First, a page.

Something Wicked This Way Comes — Macbeth's Ethan Hawke and Jack O'Brien Talk Motivation and Myth

By Carey Purcell
21 Dec 2013

Ethan Hawke
Photo by T. Charles Erickson

Comparing Macbeth to Beethoven's 9th Symphony or the Beatles album "Abbey Road," Hawke said he believes there's never a bad time to approach Shakespeare's tragedy.

"I remember last year when 'Lincoln' came out and I read 'Team of Rivals.' It mentions that Macbeth was his favorite play, and he always kept it with him, and I remember wondering, 'Why? Why would Abraham Lincoln study a play?'" Hawke said. "Because in it is the riddle to the human psyche — what makes us tick? What makes good people tick, and what makes 'bad people' tick?" 

O'Brien also commented on the play's presentation of good and evil and its universality. "It's a good person gone bad, who still keeps going bad, instead of pulling themselves back," O'Brien said. "The first person who did that was Macbeth."

"Jack said this to us first day of rehearsal — Shakespeare, so much of the time, in a lot of his histories, bends his mind to understanding the insight of great people," Hawke added. "For example, the Henrys is kind of how ordinary men become great men. And this is the story about someone who was a great man [who] became an evil man. It can't be the story of an evil person; it's the story of a person just like you or I, and how if you dance with the wrong demons, they'll take you down."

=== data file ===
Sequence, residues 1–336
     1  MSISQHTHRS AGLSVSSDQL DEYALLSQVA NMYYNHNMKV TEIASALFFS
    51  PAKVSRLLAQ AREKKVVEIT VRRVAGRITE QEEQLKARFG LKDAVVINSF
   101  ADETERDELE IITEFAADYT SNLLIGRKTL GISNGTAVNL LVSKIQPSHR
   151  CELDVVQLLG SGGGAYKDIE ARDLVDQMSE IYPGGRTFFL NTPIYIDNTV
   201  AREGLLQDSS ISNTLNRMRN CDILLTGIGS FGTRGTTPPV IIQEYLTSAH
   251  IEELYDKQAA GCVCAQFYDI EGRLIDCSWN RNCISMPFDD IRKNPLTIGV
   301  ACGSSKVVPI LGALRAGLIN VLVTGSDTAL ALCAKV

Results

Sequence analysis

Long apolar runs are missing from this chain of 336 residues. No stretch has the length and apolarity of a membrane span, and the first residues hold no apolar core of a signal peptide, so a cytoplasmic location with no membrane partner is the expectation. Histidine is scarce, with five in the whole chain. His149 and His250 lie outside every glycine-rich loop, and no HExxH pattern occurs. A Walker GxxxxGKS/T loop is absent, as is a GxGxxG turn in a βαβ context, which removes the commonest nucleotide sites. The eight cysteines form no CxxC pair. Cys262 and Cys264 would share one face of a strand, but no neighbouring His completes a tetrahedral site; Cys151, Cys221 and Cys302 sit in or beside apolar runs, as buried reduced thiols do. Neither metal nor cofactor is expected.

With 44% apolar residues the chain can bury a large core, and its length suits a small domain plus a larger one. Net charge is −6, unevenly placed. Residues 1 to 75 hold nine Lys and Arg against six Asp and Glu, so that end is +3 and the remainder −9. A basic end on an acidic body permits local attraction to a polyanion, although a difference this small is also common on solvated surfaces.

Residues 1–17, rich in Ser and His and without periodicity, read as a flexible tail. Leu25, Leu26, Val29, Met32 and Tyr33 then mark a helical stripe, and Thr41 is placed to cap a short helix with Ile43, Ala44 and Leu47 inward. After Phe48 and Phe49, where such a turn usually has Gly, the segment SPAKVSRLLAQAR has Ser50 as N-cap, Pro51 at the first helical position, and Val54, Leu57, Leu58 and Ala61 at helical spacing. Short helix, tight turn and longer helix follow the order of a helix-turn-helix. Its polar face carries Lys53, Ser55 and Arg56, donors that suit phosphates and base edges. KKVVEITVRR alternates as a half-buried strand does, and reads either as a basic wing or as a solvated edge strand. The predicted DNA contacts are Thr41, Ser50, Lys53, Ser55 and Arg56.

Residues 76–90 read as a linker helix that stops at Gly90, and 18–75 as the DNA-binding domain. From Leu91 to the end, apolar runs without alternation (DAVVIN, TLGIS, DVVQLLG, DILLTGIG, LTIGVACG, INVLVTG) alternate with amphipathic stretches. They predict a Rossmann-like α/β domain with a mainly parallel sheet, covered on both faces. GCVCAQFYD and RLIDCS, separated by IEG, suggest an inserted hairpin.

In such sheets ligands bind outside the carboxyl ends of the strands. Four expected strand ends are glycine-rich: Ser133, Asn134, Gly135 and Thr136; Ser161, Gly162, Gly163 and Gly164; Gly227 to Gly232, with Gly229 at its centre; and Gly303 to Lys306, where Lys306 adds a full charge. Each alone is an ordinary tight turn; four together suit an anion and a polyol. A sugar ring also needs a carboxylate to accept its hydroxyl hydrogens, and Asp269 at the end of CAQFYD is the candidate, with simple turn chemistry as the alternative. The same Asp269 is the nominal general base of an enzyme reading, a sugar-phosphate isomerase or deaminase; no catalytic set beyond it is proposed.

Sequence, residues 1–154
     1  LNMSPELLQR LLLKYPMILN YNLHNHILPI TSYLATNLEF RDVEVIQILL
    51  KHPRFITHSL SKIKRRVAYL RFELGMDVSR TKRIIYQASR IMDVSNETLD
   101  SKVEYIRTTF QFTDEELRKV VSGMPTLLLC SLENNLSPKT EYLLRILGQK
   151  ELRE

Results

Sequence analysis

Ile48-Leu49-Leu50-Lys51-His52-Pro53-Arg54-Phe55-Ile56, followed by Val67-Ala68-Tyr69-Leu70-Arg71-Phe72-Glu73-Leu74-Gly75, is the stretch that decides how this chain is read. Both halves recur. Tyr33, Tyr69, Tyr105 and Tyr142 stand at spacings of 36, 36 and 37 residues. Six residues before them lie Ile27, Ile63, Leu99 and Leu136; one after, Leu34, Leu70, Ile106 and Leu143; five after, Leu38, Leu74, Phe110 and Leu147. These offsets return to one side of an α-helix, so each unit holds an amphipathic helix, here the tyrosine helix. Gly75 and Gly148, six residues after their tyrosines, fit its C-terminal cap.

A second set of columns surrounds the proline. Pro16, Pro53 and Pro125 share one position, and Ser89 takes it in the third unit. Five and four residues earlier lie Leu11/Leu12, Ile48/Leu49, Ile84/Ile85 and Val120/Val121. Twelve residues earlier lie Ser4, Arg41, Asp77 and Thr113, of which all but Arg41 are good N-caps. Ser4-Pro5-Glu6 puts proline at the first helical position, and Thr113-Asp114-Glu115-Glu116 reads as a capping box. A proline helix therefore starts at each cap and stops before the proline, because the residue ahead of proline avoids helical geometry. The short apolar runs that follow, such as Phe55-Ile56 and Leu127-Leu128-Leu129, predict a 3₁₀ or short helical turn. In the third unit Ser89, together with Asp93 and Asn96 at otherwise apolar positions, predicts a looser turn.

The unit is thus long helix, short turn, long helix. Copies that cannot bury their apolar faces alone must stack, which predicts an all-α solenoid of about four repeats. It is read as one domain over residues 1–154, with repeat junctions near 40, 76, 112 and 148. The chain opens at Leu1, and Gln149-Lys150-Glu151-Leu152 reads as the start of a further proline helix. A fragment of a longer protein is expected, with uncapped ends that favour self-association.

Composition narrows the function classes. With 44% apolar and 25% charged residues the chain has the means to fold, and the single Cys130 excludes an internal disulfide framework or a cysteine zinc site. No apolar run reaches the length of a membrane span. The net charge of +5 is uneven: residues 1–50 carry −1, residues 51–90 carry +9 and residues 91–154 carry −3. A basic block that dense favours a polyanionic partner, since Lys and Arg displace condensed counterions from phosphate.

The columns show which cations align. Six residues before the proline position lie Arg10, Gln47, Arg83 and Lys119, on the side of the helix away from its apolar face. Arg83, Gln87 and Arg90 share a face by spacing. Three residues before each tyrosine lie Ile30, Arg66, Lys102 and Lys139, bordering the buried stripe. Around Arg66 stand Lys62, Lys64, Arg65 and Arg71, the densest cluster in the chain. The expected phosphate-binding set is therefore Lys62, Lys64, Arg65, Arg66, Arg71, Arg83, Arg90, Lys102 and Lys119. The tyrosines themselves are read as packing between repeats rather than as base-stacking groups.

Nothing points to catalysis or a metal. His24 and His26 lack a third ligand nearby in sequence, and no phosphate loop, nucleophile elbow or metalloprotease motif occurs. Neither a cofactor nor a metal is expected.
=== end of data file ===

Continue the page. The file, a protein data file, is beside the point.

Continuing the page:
The demons in Macbeth first appear as three witches, roles that O'Brien cast to be played by men: John Glover, Malcolm Gets and Byron Jennings. Hawke commented on this decision, saying, "It's always kind of a place, I think, where every director starts their production. What are the witches? Who are the witches?"

The witches are just one of Macbeth's mythical aspects, which, O'Brien said, contribute to the play's universal appeal. "[It] speaks to all of us, because on some level, we wonder if we had the opportunity, would we make anything like these choices — and if we did, would we come back to tell the tale?" O'Brien said. "And often we think, 'Yes, I can, because I'm special, I'm smart, I'm a movie star, I'm president, I'm singular.' And that is hubris. That is a lie."

"It's all really a metaphor," Hawke added. "There are good angels and bad demons and they're at work in all of us. Largely in my mind, it seems, which angel are you feeding? Whichever one you're feeding gains strength."